He used to have $100 a month, but then we ran into a financial wall and he had to give it up (although in his mind, he’s still entitled to it). He does some occasional computing work for someone, and he gets to keep all the money from that (some months it can be substantial) unless we are in dire circumstances. He used that money to buy a “latest and greatest” computer a few months ago. And an iPad. Sure I would. But this is money I wouldn’t normally see anyway (he straight cashes the checks at the guy’s bank, or the guy pays him cash), so IMO, this isn’t worth the battle, and it kind of “pays him back” for the money he spent on my kid the first few years.DH probably doesn’t think anything like that last part of the sentence, but I am keenly aware that part of our financial situation, or more accurately, the reason we are not as far ahead as we ought to be, is a direct result of the baggage I brought into our marriage.I was spending $800 a month on armed, police escorted protection for my oldest when she went to her bio-dad’s. (yes, we live California, where up until OJ, we cared more about “reconciliation” than the safety of the child.) That went on for the first 5 years of our marriage. I am more-than-you-can-imagine grateful that he was willing to pony up the money after I stopped working. I don’t know what I would have done if he hadn’t been….Like I said, he is WAY better than he used to be. And truthfully, I’m not much better. I’m willing to cut our grocery bill to the bone (which impacts him) if the kids need something, or (before DR) put something on a credit card (like food storage) if it was the deal of the century. So we all have our issues.The important thing is we have a program and are working it….even if we derail occasionally.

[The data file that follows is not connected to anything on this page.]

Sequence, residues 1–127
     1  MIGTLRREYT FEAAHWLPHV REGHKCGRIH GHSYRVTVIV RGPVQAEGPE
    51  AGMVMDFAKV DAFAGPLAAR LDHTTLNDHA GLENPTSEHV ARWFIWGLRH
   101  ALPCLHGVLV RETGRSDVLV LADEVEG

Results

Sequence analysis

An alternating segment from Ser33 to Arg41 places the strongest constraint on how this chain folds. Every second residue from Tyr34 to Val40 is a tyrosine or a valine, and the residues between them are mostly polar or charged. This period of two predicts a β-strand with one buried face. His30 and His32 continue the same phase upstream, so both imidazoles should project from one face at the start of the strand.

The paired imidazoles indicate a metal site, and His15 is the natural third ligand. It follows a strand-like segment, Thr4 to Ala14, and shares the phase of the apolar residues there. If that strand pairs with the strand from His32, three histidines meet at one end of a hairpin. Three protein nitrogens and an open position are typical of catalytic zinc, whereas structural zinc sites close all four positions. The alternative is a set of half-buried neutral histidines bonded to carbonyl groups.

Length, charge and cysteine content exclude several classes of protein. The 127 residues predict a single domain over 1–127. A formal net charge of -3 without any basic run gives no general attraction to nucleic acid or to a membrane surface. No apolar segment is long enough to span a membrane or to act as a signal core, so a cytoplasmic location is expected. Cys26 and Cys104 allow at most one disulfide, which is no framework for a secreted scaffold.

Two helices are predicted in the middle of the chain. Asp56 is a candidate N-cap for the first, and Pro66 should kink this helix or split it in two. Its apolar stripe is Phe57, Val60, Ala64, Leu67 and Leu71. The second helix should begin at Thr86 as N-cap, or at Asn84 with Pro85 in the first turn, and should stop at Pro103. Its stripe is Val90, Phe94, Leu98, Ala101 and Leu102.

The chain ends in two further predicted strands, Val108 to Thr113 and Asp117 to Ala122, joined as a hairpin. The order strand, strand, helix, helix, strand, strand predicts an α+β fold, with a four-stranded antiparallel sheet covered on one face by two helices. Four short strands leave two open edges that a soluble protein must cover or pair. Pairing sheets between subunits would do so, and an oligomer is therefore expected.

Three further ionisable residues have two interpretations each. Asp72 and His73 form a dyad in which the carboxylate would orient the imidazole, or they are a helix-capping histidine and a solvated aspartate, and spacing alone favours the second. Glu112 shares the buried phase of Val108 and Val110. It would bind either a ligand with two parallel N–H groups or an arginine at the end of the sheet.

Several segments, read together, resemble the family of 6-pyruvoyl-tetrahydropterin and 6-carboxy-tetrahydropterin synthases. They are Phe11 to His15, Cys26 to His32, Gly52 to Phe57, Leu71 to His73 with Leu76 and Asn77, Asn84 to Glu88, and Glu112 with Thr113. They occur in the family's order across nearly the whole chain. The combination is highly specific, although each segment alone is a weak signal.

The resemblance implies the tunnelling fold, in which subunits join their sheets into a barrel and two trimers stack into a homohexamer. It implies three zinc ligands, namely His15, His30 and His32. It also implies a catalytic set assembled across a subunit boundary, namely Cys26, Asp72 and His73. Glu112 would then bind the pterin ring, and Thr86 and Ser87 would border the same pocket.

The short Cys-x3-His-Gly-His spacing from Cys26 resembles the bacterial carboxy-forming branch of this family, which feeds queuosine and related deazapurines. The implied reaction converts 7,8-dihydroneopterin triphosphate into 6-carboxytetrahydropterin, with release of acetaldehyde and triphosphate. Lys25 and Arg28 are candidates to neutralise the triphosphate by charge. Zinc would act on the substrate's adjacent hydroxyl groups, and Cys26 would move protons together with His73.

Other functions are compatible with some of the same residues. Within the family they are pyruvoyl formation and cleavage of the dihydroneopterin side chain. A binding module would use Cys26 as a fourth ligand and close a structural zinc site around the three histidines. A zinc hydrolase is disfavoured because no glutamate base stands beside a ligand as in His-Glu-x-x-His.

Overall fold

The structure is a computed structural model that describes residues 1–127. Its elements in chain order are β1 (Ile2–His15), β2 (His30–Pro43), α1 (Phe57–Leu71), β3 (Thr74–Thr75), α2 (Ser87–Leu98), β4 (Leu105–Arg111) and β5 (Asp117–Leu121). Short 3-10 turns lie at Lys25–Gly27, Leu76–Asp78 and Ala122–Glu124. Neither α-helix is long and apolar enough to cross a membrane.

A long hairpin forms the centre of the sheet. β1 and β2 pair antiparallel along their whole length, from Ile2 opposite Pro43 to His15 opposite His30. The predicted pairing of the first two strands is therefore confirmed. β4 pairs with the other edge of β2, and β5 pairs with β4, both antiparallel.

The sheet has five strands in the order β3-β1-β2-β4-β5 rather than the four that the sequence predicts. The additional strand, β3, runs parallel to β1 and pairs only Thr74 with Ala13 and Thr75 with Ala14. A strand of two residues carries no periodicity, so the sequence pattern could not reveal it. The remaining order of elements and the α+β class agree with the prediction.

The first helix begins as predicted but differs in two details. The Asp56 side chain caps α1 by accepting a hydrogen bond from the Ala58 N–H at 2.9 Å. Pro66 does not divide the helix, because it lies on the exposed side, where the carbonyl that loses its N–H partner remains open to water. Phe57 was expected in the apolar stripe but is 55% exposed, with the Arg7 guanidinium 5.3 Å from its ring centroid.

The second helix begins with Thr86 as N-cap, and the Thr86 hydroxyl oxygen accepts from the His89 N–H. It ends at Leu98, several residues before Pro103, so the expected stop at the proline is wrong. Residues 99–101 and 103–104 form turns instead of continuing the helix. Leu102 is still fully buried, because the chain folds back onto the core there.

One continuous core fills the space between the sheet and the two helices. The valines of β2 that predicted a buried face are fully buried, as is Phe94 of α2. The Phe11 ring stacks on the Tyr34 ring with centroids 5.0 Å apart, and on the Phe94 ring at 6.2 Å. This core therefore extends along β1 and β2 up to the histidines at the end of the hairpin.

A new car loses a huge chunk of its value the day you drive it off the lot. And you can only get insurance for t as a *used* car, so if anything happens you’re on the hook. And I live in the Boston area where cars tend to get banged up a lot. We
have a low rate of traffic fatalities but a sky-high rate of fender-benders and car thefts. I do know some people who buy new cars because they plan to keep them for a decade and they want to know the car was well-maintained, which makes sense to me. My current car is the newest I’ve ever had , a 2005 Camry which my father bought new when he was really too old to drive. I inherited it with 3400 miles on it, and promptly put several dings in it. (it’s ridiculous how much body work costs!) I expect my teenager will drive that car to college.